August 25, 2009

Florida Gators Football - Keys to Success

With the Florida Gators football team fast approaching their season opening game against Charleston Southern, I've decided to take a look at some of the key factors that will make this season a success for the Gators.

I will only list the five most important aspects, but please feel free to add other important factors for the Gators in the comments section and I'll try to respond where appropriate.

Also, just a a little news tidbit to get you started, Florida QB Tim Tebow recently stated that he feels better than ever, despite recent speculation that his back injury was more serious than reported.

In fact, Tebow admitted to having to take pain injections for his bum shoulder in every game in 2008 after the Hawaii game. The shoulder is reportedly feeling better than ever and Tebow said he can now take hits fine, rather than "with a grunt."

A better Tebow only means a better offense this year, something that should make the rest of the country a little more wary than they already are.

Now, let's take a look at the five keys to success for the Gators this year:

5. Stay strong against the run - If there has been one constant about the Florida Gators football team over the course of the past few years, it has been dominant defensive line play. When the Gators boast one of the best run defenses in the conference, their record is usually a direct parallel. Likewise, when the Gators have struggled against the run, so too has their record.

The Gators had a much more dominant defensive line in 2008 than they did a year before, and it showed in all aspects of the game. In fact, the defensive line probably didn't receive enough credit a year ago in helping to turn around the entire defense. With the added pressure the defensive line put on opposing quarterbacks, a secondary that was more porous than a sieve in 2007 grew into one of the best playmaking units in the nation.

4. Don't try to replace Percy Harvin - At first, this key might seem a bit strange, seeing as how Harvin was one of the most dynamic players in all of college football and a huge part of the Gators' success in winning a National Championship a year ago. What I mean by not trying to replace Harvin is not scrapping the "Percy Package" altogether, but making sure not to try to replace that role with one individual player.

Simply put, the Gators don't have anyone on the roster that can singlehandedly do what Harvin did. And that's not necessarily a bad thing for Florida. In fact, during Harvin's three year career, the Gators never lost a game that Harvin did not play in. The main reason for this, and the statistics bear this out, is that the Gators did a much better job spreading the ball around in those games. If they do the same this year, there's no reason to think the offense won't be just as productive as it was a year ago.

3. Stay healthy on the offensive line - While the Gators have considerably more depth on the offensive line than they did two years ago, they still lack ideal playing time when you start to dig into the two deep. The Gators can probably survive an injury to one starter, but if multiple guys go down for multiple games, the offense may sputter.

While the defense should be good enough to keep the Gators in just about every game, there are sure to be at least a few teams who give the Gators their best shot and make the games much closer than expected heading in. Experienced offensive lines win games in the third and fourth quarter. Having multiple injuries to key guys on the offensive line could really hurt the Gators' chances at a potential repeat this season.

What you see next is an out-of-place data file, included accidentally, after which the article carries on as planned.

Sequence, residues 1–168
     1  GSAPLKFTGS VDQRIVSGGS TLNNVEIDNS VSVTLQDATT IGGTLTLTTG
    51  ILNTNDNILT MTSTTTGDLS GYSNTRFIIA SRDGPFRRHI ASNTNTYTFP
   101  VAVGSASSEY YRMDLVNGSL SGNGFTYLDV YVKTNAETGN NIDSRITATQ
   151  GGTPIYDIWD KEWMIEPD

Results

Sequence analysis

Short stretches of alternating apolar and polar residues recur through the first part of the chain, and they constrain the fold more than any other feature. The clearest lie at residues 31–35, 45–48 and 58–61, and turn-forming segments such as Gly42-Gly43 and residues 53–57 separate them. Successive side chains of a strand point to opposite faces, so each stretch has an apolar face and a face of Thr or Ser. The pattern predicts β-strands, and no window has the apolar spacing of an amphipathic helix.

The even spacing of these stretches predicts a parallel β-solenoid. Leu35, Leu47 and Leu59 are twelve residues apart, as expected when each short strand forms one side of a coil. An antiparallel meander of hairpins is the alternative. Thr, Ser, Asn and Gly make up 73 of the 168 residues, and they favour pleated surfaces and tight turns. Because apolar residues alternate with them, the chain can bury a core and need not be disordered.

2. Keep Tebow healthy - This seems like one of the most obvious statements in all of college football. In fact, most would probably have this as the top factor that could keep the Gators from repeating as SEC and National champions. However, this falls much more on the coaches themselves than on any particular unit or group of players.

The Florida coaches have shown a tendency to rely on Tebow much too heavily in crucial games when other players are struggling. With Percy Harvin gone, the Gators will likely run into at least one or two games where the offense just doesn't seem to click. Harvin was always the one constant offensively, against just about every team.

If that disappears in one or two games and the Gators just can't find any one player that is having above average success against the opposing defense, they must avoid relying on Tebow too heavily. Tebow will take it upon himself if called to, so the coaches must realize that they are much better off relying on the defense and an average offensive output than they are jeopardizing Tebow's health.

1. Finish strong - Everyone has talked about avoiding complacency over the offseason, to the point where it's become almost more common than the word repeat in discussing the Gators. This ties into that theme, but also takes into account the leaders of the team. While I don't feel like Tebow and Spikes are likely to let the Gators slip up early to mid-season, like many seem to think, I do think complacency can start to set in towards potential SEC Championship or National Championship games.

What I mean by this is that the players will feel "on the verge" of having accomplished their goals. They will know that they have been there before and have the upper hand in experience in an SEC Championship or National Championship berth. With this type of thinking, could come a sense of "already being there," something the Gators must avoid at all costs.

Simply put, if the Gators make it to the SEC Championship or National Championship Games, they have to come out with the same energy and intensity that they did against LSU and Georgia a year ago.

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